Helping inner city students ‘ACCESS’ success


Josh Goldman’s love of learning led him to earn his Bachelor of Science degree in philosophy and theology from St. Louis University, his Master’s of Education from the Peabody School of Education at Vanderbilt University and his Master’s of Social Work from the George Brown School of Social Work at Washington University in St. Louis.

His passion for inner city development led him to turn the theories he developed in school into practical realities.

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As program director for ACCESS Academies Reading Program, he strives to ensure that children in the city’s urban core have educational opportunities.

The strong interest in learning and community service stems from Goldman’s childhood. His family provided an intellectually stimulating environment and his synagogue introduced service work. As early as age 12, Goldman volunteered in impoverished neighborhoods through Central Reform Synagogue. “Those images have stayed with me,” he reflects. He kept these experiences close to his heart while at the George Brown School of Social Work, where he honed his vision for a progressive educational program.

While pursuing his MSW, he studied the achievement gap between African American children and grade level norms. Through research and personal interviews, Goldman reflected on how to address this issue within schools and families. Concentrating on what he describes as the fourth grade slump, he realized that at this grade level white students accelerate, whereas African Americans decelerate. “I wanted to institute an intervention,” he declares.

Goldman’s opportunity arose while interning with Urban Strategies, an organization aimed at revitalizing urban communities. He started his reading-focused pilot program at Adams Elementary School in the summer of 2004. Given access to one classroom, he had authority over the curriculum. “I created a new administrative structure,” he describes. Each child participant had the attention of a lead teacher and a reading specialist. Says Goldman, “we expected great academic results from the social relationships created between the teachers and the students.”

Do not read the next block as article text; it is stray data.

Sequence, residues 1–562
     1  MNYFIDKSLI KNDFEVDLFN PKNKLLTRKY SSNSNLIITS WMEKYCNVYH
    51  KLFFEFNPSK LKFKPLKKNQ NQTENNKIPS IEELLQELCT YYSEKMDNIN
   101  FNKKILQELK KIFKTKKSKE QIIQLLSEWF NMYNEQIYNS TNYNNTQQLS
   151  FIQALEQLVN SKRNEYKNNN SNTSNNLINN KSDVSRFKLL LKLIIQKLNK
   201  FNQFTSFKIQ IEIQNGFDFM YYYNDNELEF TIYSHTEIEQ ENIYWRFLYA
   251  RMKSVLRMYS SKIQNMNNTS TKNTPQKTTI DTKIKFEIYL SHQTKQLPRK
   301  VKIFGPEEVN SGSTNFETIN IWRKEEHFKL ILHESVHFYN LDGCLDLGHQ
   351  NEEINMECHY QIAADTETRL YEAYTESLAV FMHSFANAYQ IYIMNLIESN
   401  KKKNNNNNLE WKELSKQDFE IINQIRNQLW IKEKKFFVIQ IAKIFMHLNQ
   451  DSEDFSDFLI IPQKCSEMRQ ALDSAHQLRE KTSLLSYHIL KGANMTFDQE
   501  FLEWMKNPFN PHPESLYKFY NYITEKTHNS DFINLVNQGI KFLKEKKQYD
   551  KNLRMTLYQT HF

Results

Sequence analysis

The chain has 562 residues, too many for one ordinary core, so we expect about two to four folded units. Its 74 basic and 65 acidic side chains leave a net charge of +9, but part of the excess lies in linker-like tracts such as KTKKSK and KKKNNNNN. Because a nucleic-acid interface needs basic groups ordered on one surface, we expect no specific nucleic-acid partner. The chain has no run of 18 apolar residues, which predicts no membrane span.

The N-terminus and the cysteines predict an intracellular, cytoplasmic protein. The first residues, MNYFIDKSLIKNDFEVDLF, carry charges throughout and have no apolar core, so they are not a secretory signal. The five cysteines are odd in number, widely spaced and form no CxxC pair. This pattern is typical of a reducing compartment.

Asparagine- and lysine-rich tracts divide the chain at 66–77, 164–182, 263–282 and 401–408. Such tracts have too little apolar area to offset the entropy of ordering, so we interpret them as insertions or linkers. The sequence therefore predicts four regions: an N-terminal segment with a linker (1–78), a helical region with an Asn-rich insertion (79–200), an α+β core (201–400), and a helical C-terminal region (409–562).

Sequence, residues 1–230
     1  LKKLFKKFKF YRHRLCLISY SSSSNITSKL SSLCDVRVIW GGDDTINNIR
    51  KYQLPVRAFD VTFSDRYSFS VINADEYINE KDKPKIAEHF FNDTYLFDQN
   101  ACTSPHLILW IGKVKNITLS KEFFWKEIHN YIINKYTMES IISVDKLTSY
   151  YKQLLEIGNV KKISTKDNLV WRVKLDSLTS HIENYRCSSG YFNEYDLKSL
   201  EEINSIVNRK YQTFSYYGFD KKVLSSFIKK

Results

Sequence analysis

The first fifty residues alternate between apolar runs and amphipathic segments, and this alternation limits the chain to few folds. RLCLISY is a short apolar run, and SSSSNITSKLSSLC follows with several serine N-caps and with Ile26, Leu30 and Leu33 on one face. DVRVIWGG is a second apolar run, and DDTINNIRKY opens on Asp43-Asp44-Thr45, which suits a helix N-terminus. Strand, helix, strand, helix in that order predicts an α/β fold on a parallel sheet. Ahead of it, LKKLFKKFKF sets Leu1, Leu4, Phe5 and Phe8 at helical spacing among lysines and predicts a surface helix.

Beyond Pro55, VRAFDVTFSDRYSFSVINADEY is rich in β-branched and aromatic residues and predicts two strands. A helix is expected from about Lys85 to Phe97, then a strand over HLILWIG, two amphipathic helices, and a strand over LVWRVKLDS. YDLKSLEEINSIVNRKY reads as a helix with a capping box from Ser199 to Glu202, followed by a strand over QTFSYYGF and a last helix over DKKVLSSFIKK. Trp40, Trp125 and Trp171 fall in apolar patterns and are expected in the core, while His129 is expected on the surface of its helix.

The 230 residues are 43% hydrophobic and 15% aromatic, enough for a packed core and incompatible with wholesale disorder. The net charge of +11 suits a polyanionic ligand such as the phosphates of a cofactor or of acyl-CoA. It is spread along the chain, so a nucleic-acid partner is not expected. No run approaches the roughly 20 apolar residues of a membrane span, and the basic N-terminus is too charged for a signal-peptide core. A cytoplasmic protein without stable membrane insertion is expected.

The experiment continued for the next two years, and by 2006 Goldman created what he deemed a “quality program.” Over 1,000 books were given to the children and test scores continued rising. Goldman also instituted a parent engagement component. He explains, “I wanted the parents to celebrate the positives about their kids. Hopefully the pride will lead to more good stuff at home.”

By the time he graduated from social work school in 2006, Goldman felt he was onto something with his program, and wanted to continue his efforts. Joining ACCESS Academies allowed him to continue pursuing his dream. Founded in 2005, ACCESS Academies applies the NativityMiguel model to the education of middle school students from low income neighborhoods. While ACCESS Academies are integrated into four St. Louis area middle schools, Goldman still concentrates on fourth and fifth graders.

“Our strategy is to work with the fourth and fifth graders to boost their reading so that they’re ready for the ACCESS program by middle school,” says Goldman. Throughout the school year, he supervises sites which offer intensive reading curriculums. The goal, he says, is to inspire a love of reading in each of the students. His approach works. Stellar students in the program have transformed their grades from Ds to Bs, and have climbed two grade levels in reading ability.

This summer Goldman instituted a new aspect of “Succeeding with Reading,” a summer enrichment program. Aimed at disadvantaged children in St Louis’ urban core, more than 30 students participated in the six-week, day-long course. In addition to reading, students received instruction in math, physical education and cultural arts. The camp concluded with a musical based on one of the students’ favorite books. The music and lyrics were created by the students. To add to the excitement of the event, Mike Bush and KSDK Channel 5 recently featured “Succeeding with Reading” and the play.

Starting this fall, Goldman will manage three after-school sites, as well as seven Saturday sites, serving 90 children. He’s looking forward to encouraging kids to learn in a joyful way. Beyond the immediate future, he contemplates starting his own independent school. His vision includes a neighborhood school that, in addition to teaching children, will offer adult education classes for parents and will house a doctor, dentist and social worker on site. “I think this type of school could serve as a cornerstone for neighborhood revitalization,” he says. “It would serve as a model for neighborhoods around the country with the intent to reduce poverty.”

In the meantime, learning is still an important part of Goldman’s life. Focusing on the African-American experience and how poverty has occurred in urban cities, he hopes this information brings him even closer to his ultimate goal of providing educational possibilities to everyone.